Re: Objections to draft-ietf-html-spec-01.txt

Terry Allen (
Tue, 21 Mar 95 19:18:08 EST

| From: (Albert Lunde)
| Subject: Re: Objections to draft-ietf-html-spec-01.txt
| At 12:21 PM 3/21/95, Larry Masinter wrote:
| >As the author of those words, I'll admit that they're unnecessary and
| >more prone to introduce confusion than insight. I think all that's
| >necessary is to strike the "rather than relying on any SGML mechanism
| >for doing so."
| >"It is evisioned that HTML will use the charset parameter to allow
| >support for non-Latin characters such as Greek, Arabic, Hebrew and
| >Japanese."
| >However, Terry's further explanation that "HTML cannot conform to the
| >SGML standard, ISO 8879, if the charset encodings are specified by
| >some other means" is another point that I _thought_ we'd gone over,
| >but I'll have to review the archives to find the points again.
| At 1:12 PM 3/21/95, James D Mason wrote:
| >I also second Terry's position. If we're trying to make HTML a better
| >application of SGML and so ease the lives of those of us who use HTML as an
| >output form into which to render documents done in other SGML applications, we
| >should use only the mechanism specified in the standard.
| I think what we are running into is a conflict between our attempts to
| conform with MIME and our attempts to conform with SGML.

There need be no conflict. MIME must be in the service of SGML; we
must say how to construct an SGML decl from MIME info, even though
browser developers may short-circuit the mechanism we suggest.

| I think Larry introduced the language in question in an attempt to make the
| HTML 2.0 spec work for other single character sets than ISO Latin-1, using
| a MIME-like character set parameter. (This was in part a way to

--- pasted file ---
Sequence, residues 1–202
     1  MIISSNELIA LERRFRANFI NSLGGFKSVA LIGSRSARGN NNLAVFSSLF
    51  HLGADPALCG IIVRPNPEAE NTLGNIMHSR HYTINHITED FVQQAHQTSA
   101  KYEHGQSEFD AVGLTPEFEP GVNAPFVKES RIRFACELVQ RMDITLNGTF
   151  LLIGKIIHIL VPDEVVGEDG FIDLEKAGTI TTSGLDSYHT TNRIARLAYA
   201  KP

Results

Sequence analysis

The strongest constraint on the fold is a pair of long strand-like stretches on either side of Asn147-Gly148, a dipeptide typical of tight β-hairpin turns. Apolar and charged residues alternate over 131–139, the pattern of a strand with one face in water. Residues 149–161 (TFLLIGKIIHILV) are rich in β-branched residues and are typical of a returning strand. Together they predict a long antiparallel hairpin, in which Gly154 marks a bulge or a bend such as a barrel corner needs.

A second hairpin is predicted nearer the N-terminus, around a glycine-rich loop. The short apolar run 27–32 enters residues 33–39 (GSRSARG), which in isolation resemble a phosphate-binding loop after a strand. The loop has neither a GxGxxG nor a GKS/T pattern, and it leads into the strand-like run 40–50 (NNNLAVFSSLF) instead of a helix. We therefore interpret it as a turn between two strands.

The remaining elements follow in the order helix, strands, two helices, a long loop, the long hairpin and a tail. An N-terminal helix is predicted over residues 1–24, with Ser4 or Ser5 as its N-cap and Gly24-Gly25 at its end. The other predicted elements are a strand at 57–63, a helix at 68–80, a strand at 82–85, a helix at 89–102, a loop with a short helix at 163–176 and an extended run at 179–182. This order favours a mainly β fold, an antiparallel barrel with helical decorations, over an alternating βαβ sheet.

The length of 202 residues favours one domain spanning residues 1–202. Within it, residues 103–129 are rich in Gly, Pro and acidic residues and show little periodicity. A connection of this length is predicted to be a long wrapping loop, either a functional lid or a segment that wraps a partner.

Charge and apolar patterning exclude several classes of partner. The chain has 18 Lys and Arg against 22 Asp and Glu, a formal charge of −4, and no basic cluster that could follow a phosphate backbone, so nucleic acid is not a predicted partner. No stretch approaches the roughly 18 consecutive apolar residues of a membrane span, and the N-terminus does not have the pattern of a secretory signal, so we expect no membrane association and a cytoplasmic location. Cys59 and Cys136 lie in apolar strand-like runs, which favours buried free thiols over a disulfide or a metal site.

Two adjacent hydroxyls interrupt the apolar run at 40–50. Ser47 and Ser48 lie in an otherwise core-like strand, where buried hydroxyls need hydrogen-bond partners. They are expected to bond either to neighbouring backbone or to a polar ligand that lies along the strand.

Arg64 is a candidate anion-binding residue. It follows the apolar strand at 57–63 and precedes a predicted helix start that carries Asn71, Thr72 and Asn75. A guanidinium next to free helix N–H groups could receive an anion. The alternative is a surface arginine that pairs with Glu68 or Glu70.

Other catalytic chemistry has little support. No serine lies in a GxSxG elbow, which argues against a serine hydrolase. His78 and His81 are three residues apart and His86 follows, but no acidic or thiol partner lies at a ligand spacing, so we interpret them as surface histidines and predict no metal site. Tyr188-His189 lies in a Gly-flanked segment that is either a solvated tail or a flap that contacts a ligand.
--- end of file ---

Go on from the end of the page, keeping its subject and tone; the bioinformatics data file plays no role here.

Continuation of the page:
| postpone/avoid getting into general multilingual issues by indicating a
| mechanism for the simple MIME-like cases.)

Regardless of motivation, we solved the charset encoding problem for 2.0
by arbitrarily limiting ourselves to 8859-1 and providing an HTML SGML
declaration. Larry's language, amended, might be suitable for 2.1, in
which we should aim to achieve the goals cited by both of you, but it
is unneeded for 2.0, conflicts with our other remarks about charsets
therein (and our SGML standards language, which was my original point),
and prejudges the outcome of further discussion. It may prejudge well,
but it's inappropriate in the 2.0 spec.

| I still think this is a direction to go. I don't think putting the
| character set declaration in the body of a document makes sense in the
| context of current versions of HTML and HTML (and the 2.0 spec needs to
| stay close to current practice, which doesn't put much of the SGML "stuff"
| in the document.)

You need only 1) point to an SGML decl, a matter SGML Open is working on
(though no method of doing it is prescribed in ISO 8879!), or 2) rely on
standardized instructions for constructing and SGML decl given the
charset parameter. But you don't have a parseable entity until you can
say what the SGML decl is.

| On the other hand, it suggests, that to satisfy SGML mavens we at least
| need to specify a mechanism/algolrithm to derive an SGML declaration for
| other character sets than ISO-Latin-1.

Absolutely, and that mechanism will handle ISO Latin 1 too.

| ERCS may be a way to do this. (Define character classes for Unicode and
| project downward to subsets.)

Yes. It may not be the only way to do this.

| In any case this question raises some of the characterset/multilingual
| issues again: we don't have to solve them all, but it seems good to look at
| the implications.
| We could also abandon an attempt to define what the charset parameter
| really means in the HTML 2.0 spec and indicate that clients should not

Character set encoding is something we cannot fail to specify, and soon. But
that work is simply not part of the 2.0 spec, where we have created a legal
fiction in order to get the DTD part of the spec done and out the door.

| choke on it (thought this is really an HTTP issue). But this would make it
| rather urgent to deal with for 2.1, at least in the simple MIME-like case.

Don't know what that last means. We should at least describe how MIME
charset parameters should be given for existing implementations; it would
appear that we can also do that and more via ERCS.

Would the ERCS advocates outline the effects on HTML of using one of the
ERCS SGML decls? For example, if I use an ERCS SGML decl that specifies Chinese
characters in NAMING, would that enable me to create tags like
<!@#$%^> where !@#$%^ is in some Chinese charset encoding?

Terry Allen  (   O'Reilly & Associates, Inc.
Editor, Digital Media Group    101 Morris St.
			       Sebastopol, Calif., 95472
occasional column at:

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